7 Ways to Build Better Presentation Slides

Chances are you work with Excel more than PowerPoint or Keynote. But if you want to build influence in your company, sooner or later you’ll need to present your ideas to your bosses, colleagues or clients. And you’ll likely want to include some visuals. Knowing how to create engaging presentations can help you get your points across and hold your audience’s attention from start to finish.

We previously wrote about the importance of delivering a strong presentation; here’s a follow-up on how to make the most of your slides when creating a presentation.

1. Begin with a clear outline. We’ve all seen presentations that go nowhere fast. That often happens because the presenter doesn't have a handle on where he or she really wants to go with the presentation. Grab a pen and paper before you open your presentation software. Start creating your presentation by writing an outline, with specific focus on your goals and what you want to accomplish by the time you’re done. This will help you stick to the script when it’s time to put the deck together.

2. Find the right fonts. According to presentation expert Dave Paradi’s “The State of Financial Presentations 2014 Survey,” 51 percent of respondents said one of the most annoying things about financial presentations they’ve seen is the font used is too small. Your audience needs to focus on the message you’re delivering. Don’t make them work more than they have to. Use at least a 24-point font. Go with a 20-point font for captions on pictures, graphs and diagrams. Titles should generally be between 36 and 44.

Use a main font for body text and bullets and a different one for titles, labels and captions. Presentation expert Garr Reynolds says that sans-serif fonts are best for presentations. To make sure your fonts have good chemistry, check out this helpful Presentitude guide.

3. Let your titles guide the way. Each slide’s title should provide context and explain the slide’s content, including the conclusion. For example, “A Third of Managers Regret Not Taking Enough Vacation Time” is better than just “Vacation Time.” A more descriptive title keeps your audience focused on the message. Someone skimming your slides should get the gist of your presentation without reading anything else.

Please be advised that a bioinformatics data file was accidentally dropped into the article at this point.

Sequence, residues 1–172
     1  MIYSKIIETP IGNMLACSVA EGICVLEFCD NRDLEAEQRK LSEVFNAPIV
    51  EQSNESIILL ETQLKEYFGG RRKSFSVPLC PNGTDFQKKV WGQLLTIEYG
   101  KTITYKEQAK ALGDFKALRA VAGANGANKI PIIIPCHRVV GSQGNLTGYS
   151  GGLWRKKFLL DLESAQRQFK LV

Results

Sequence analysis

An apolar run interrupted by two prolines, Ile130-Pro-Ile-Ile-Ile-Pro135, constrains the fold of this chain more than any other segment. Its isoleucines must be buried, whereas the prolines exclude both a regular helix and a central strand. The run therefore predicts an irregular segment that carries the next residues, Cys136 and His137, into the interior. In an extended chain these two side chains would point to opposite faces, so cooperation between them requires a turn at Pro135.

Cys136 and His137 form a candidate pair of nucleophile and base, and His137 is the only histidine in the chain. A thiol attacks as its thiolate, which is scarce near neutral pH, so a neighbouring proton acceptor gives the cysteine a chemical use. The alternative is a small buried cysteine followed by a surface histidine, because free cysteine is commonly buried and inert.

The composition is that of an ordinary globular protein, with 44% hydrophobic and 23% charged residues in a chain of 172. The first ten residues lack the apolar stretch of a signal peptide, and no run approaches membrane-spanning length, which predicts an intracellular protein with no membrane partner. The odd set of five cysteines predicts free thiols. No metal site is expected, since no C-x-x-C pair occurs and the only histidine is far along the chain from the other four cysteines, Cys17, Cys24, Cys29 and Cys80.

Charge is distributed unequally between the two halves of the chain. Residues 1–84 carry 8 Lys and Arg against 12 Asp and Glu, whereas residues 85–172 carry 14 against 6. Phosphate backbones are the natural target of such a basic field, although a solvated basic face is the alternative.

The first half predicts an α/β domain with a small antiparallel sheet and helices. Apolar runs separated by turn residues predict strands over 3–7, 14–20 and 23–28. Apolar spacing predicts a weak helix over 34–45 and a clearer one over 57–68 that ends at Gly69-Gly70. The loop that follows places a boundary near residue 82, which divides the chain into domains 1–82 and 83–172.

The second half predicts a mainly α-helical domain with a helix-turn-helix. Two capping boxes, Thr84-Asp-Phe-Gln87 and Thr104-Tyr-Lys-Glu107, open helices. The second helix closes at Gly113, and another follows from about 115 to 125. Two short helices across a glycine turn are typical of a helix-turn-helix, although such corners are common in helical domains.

4. Keep your slides succinct. Respondents to Paradi’s survey about financial presentations said that what annoyed them the most was too many numbers on slides. Yes, you work with numbers, but don’t go number-happy. When deciding what to place on a slide, remember your slides should support what you’re saying, not the other way around.

A slide with too much information is challenging to read. You’re essentially asking your audience to read and listen at the same time. Again, don’t make your audience work. If your presentation needs to be shared as a handout or forwarded to others, consider making two versions: a slimmed-down version to talk through and a sharable version with more explanatory text.

5. Consider your colors. No discussion on tips for presentations would be complete without some comments about colors. Make sure your text and background colors contrast well. Use a light color against a dark background or vice versa.

6. Make it visually engaging. No, a page or screenshot from Excel doesn’t really count as an image. TED Talk designer Aaron Weyenberg likes to use simple photos that support what the presenter is saying. A well-chosen image is a nice break from text that can grab your audience’s attention and help reinforce your message. You can take your own high-quality photos or find professional stock images on sites like iStock or Shutterstock.

7. Provide a next step. Don’t just end your presentation by saying thank you; give a call to action. Close your presentation by including a slide that mentions what you’d like the audience to do with the information you shared with them.

What are your best tips for effective presentations? Feel free to share in the comments section.

Related post: 5 Tips for Presentations that Inform and Persuade